lauded SA playwright Athol Fugard, who turns 80 today, is deeply incensed by the controversy surrounding Brett Murray’s The Spear painting – and has slammed the present government’s “bully tactics”.
“We are going to look back on the moment as a warning that we were given about the future we are going into if we don’t do something radical,” Fugard said in an interview with the Cape Argus to mark his birthday.
“We have to realise we have a government in power that is prepared to assault our most cherished freedom. They’re trying to do it to the arts and to the media. The bully tactics they used, the whole demonstration of brute force that they displayed, that they were going to shut them (the Goodman Gallery) down regardless of what… that you will not use your voice, you will not speak up, you will not speak out.”
For him a significant difference between this situation and what he faced under apartheid was that there was a sense of community amongst artists back then. “It’s so false, almost as if there’s a perception that we’re being disloyal to the ANC if we speak up. You mustn’t be careful about what you say, you have the freedom to say anything you like. That sense should never be constricted by loyalty to a political party.”
Speaking at the weekend by telephone from San Diego, California where he lives, Fugard said he wanted a quiet braai for his birthday. The prolific author has written more than 20 plays, four film scripts, two memoirs and two other books and received awards and nominations including the Tony, Obie, Evening Standard, Drama Desk and Audie awards.
He has been honoured with the 2005 SA Order of Ikhamanga in Silver for his “excellent contribution and achievement in theatre” and is an Honorary Fellow of the Royal Society of Literature.
He scoffs at descriptions such as “the greatest active playwright in the English-speaking world”. saying it is the worst thing to call a writer. “I’m always trying to make people write and think and feel and use their hearts,” he said.
Fugard has never considered retiring, saying his passion for theatre has consumed his life. His writing has ranged from stories about specific people to protest theatre, but he has always drawn inspiration from real South Africans.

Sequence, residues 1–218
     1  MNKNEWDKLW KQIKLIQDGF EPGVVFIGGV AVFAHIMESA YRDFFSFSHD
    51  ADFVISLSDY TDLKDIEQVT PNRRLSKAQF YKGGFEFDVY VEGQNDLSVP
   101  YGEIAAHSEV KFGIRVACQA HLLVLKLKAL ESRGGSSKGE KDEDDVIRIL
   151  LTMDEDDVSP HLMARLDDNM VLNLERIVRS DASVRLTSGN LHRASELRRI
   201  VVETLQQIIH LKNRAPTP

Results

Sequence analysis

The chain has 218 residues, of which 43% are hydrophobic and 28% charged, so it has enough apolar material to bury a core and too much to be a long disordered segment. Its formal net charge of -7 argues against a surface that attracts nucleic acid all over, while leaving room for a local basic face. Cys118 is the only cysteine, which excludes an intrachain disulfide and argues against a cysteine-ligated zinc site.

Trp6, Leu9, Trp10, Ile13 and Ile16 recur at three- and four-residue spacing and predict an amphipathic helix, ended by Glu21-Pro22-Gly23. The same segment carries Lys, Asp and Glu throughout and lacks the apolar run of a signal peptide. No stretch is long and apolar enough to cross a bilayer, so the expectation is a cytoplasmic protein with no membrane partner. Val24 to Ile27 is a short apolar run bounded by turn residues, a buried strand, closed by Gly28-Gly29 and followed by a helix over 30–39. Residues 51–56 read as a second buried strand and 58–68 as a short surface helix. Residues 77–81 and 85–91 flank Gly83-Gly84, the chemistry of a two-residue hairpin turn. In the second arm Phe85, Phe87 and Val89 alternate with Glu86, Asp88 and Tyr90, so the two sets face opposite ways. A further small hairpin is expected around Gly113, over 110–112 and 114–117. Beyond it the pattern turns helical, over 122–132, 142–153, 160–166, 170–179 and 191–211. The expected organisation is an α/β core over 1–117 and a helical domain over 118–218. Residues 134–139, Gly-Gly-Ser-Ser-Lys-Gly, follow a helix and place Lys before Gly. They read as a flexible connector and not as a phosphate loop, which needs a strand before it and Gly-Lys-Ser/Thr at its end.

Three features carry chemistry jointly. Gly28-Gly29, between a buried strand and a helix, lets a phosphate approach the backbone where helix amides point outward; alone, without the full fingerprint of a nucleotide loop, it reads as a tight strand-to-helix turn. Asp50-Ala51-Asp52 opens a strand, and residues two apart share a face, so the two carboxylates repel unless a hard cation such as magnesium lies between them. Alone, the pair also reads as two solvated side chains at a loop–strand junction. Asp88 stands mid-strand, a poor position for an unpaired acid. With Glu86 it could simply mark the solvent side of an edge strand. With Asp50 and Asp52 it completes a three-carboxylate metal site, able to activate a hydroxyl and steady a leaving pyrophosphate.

Born in Port Elizabeth in 1932, Fugard helped form the Serpent Players in the early 1960s.
“In working with them, I realised that they didn’t want to do plays for entertainment, they wanted to do plays because they were suffocating with silence. It was with Blood Knot that I discovered my own voice and I knew that I could tell certain stories in a way that nobody else could.”
The 1967 BBC TV production of Blood Knot drew the ire of the SA government and after directing Boesman and Lena in England in 1971, Fugard spent most of his time abroad.
The bulk of his work since then debuted in the US and UK, but his post-apartheid writing has seen him return to his spiritual home more often.
He recently spent time here to work on The Blue Iris which debuts at the National Arts Festival in Grahamstown and then returns to the Fugard.
What next? Fugard muses in Afrikaans: “Wat is my verpligting? (What is my duty?) The final word for me is that my country has taught me two of the biggest debts you can have. My country has taught me how to hate and how to love. How do you repay your country for your soul? Met trane of met woorde? (With tears or words?)”
l Sky Arts in the UK broadcast a 100-minute documentary, Falls the Shadow: The life and times of Athol Fugard on Friday. The Fugard will screen this documentary on July 23.